Primitive man animated nature according to his own sensations and functions; he animated them, but he did not mysticize them, as did his successor several hundred years later. “Mysticism” here means, in the literal sense, a change of sensory impressions and organ sensations into something unreal and beyond this world.
[…]
The process of animating the surrounding world is the same with the animistic primitive as it is with the mystic. Both animate nature by projecting their body sensations. The difference between animism and mysticism is that the former projects natural, undistorted organ sensations, while the latter projects unnatural, perverted ones.
[…]
The understanding of emotions is so remote to the mechanist’s thinking that there is no room for it in his natural scientific investigation. Functionalism is simply not capable of overlooking the emotions and can include them in the realm of natural scientific research.
[…]
For the mystic, a soul “lives” in the body. There is no connection between body and soul except for the fact that the soul influences the body, and vice versa. To the mystic (and to the mechanist, if he is aware of any emotional factors at all), body and soul are rigidly separated though interrelated realms….Functional identity as a research principle of orgonomic functionalism is nowhere as brilliantly expressed as in the unity of psyche and soma, of emotion and excitation, of sensation and stimulus. This unity or identity as the basic principle of the concept of life excludes once and for all any transcendentalism or even autonomy of the emotions. Emotion and sensation are, and remain, bound to the orgone-physical excitation. This also excludes any mysticism.
[…]
The mystic may be able to describe orgonotic currents and excitations; he may even give details that are astonishingly exact. But he will never be able to comprehend them quantitatively, any more than one can put the mirror image of a block of wood on the scales.
Controlled clinical experience shows that there is always a wall between organ sensation and objective excitation in the mystic’s structure. This wall is real. It is the muscular armor of the mystic. Any attempt to bring a mystic into direct contact with his excitation triggers anxiety or even unconsciousness. He can perceive the emotion in himself as in a mirror but not as a reality. This assertion is founded on an experience I had frequent occasions to observe: if orgone therapy succeeds in dissolving the armor in the mystic, the “mystical experiences” disappear. Thus, the existence of a dividing wall between excitation and sensation is at the root of the mystical experience.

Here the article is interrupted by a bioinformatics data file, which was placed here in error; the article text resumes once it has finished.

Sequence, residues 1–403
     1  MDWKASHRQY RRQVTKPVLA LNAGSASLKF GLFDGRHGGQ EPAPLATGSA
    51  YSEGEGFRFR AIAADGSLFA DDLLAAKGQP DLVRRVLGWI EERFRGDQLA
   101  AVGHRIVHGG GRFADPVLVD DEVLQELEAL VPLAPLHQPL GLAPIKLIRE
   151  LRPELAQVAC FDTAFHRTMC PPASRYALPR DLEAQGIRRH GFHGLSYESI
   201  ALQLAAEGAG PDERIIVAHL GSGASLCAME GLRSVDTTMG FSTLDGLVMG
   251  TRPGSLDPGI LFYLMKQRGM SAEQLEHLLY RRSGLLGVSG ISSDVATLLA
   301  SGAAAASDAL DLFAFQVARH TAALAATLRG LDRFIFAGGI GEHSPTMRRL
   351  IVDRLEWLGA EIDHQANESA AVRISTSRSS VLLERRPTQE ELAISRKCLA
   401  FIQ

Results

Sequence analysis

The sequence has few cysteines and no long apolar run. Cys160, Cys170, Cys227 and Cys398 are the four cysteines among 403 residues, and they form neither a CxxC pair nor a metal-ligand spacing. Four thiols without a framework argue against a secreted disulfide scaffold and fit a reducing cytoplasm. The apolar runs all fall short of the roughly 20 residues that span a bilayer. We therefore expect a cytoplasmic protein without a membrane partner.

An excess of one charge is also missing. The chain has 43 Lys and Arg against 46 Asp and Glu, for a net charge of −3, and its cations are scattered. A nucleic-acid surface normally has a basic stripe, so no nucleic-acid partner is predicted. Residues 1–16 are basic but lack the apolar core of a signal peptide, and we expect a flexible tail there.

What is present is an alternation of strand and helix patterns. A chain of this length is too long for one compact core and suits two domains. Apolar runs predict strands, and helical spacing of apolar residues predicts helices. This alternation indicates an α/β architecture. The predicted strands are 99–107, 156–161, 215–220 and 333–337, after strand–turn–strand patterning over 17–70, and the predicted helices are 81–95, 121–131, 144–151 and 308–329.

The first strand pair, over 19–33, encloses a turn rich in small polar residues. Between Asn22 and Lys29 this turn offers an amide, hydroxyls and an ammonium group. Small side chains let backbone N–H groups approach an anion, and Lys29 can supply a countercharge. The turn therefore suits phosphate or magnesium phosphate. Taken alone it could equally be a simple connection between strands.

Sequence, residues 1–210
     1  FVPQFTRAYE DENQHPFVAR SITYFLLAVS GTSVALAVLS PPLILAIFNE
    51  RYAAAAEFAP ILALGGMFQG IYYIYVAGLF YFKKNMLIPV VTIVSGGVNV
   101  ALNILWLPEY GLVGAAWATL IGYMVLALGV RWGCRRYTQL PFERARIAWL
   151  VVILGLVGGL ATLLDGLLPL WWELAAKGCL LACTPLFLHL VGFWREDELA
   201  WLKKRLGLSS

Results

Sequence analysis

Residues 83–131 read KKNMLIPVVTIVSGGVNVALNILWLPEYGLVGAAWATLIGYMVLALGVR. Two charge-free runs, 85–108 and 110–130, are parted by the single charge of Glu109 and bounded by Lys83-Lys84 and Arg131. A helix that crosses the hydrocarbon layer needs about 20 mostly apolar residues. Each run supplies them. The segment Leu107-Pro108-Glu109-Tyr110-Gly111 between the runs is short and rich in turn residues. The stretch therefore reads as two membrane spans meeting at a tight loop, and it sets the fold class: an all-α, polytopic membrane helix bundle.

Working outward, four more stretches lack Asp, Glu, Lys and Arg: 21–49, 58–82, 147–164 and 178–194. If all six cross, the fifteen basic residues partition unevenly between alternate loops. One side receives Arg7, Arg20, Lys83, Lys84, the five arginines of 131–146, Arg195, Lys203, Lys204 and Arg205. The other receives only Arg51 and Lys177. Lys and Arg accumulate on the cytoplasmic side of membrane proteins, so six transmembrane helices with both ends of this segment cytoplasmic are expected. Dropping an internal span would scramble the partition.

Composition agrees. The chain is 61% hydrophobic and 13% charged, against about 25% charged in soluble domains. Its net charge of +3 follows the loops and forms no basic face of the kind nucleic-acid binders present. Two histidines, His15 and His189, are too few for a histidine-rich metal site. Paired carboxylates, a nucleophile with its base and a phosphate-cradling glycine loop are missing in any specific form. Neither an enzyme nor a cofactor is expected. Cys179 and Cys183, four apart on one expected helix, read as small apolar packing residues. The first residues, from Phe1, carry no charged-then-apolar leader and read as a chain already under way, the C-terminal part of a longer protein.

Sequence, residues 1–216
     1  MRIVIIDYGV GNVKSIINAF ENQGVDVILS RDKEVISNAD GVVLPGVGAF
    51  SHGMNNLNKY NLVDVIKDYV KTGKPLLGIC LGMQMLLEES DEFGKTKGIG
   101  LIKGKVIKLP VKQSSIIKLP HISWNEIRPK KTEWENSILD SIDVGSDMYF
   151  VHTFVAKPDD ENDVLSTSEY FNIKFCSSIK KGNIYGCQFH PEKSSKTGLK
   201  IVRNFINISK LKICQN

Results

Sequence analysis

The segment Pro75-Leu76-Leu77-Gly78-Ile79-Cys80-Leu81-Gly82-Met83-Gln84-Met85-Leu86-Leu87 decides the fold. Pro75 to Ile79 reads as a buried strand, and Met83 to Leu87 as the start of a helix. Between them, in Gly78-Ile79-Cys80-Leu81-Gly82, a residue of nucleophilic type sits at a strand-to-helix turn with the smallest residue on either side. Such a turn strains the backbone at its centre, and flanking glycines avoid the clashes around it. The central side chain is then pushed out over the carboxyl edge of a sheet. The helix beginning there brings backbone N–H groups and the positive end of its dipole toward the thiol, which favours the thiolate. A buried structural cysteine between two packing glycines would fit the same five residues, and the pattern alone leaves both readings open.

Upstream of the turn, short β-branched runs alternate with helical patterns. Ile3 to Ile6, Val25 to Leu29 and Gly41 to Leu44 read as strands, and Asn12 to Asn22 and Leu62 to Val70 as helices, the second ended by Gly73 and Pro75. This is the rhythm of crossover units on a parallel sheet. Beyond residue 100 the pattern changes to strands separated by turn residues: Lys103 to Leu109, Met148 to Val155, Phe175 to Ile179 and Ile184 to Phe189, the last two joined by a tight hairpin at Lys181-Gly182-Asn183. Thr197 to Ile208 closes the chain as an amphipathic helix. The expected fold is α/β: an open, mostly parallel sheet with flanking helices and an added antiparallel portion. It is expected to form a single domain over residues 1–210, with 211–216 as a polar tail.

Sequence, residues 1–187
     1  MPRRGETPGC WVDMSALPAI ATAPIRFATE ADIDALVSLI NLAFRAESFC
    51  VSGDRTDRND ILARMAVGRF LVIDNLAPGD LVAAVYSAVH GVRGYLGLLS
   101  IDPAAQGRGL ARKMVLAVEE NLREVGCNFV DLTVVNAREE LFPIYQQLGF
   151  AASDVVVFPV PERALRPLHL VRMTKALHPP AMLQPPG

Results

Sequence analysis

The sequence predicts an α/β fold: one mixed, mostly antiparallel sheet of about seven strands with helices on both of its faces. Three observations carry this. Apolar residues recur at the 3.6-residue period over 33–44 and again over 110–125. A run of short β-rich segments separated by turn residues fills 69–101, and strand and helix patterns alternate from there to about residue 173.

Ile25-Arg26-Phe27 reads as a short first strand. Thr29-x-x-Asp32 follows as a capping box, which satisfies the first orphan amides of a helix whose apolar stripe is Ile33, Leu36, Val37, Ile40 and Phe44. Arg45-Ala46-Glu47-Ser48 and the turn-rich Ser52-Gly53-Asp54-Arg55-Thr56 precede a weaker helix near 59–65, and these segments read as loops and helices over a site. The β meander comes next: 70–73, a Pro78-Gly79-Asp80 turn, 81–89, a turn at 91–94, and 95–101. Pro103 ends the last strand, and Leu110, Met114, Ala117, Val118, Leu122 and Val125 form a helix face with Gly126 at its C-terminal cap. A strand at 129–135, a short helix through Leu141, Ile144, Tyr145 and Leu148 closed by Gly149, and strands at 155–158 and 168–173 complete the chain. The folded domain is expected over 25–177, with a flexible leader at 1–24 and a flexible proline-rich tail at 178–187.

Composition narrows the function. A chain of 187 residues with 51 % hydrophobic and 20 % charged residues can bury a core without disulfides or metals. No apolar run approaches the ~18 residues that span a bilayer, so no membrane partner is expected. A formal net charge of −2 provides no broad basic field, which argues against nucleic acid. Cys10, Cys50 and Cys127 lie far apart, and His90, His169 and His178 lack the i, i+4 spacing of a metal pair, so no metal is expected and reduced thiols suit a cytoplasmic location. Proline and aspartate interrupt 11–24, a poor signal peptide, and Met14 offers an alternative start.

[…]
Mysticism is rooted in a blocking of direct organ sensations and the reappearance of these sensations in the pathological perception of “supernatural powers”.
[…]
The world of orgonomic “energetic” functionalism is a vigorously functioning, free, and consequently lawful and harmonic world. It has no room for a vacuum in space, which the mechanistic physicist requires because he is incapable of making sense of nature in any other way; neither has it room for ghosts and phantoms, which mysticism cannot demonstrate. Also, the world of functionalism is not a “shadow world”, as is the world of the abstract mathematician. It is a world that is tangible, full, pulsating, and simultaneously demonstrable and measurable.
[..]
Considered functionally, sensation is a feeling out of reality. The slowly groping, wavy movements of animal antennae or tentacles will illustrate what I mean. Sensation is the greatest mystery of natural science. Therefore, functionalism knows its worth and values it highly. Because he regards sensation as a tool, the functionalist is concerned with its care, just as a good carpenter cares for his plane. The functionalist will always order his intellectual activity so that it is in harmony with his “sensations”. Where the degree of emotional irrationalism is small – and it must be small for anyone who investigates nature – he listens to the gentle warnings of his sensations that tell him whether his thinking is right or wrong, clear or muddied by personal interests, whether he follows his irrational inclinations or any objective processes. All this has nothing to do with mysticism. It has to do exclusively with keeping our sensory apparatus, the tool of our research, in good condition. This condition is not a “gift,” not a special “talent,” but a continuous effort, a continuous exercise in self-criticism and self-control.
[…]
By investigating how living matter functions, we also discover a part of external nature. For what is truly alive in us is itself a part of that external nature. Thus, if we proceed carefully in studying the material that constitutes the life function, we must also find those functions that have general, cosmic validity. This is a necessary and unavoidable conclusion inasmuch as the overall functioning principle is contained even in the smallest special functioning principle.
[…]
Functional thinking does not tolerate any static conditions. For it, all natural processes are in motion, even in the case of rigidified structures and immobile forms. It is precisely this motility and uncertainty in his thinking, this constant flux, which places the observer in contact with the process of nature. The term “in flux” or “flowing” is valid, without qualifications, for the sensory perceptions of the scientist observing nature. That which is alive does not know any static conditions unless it is subjected to immobilization due to armoring.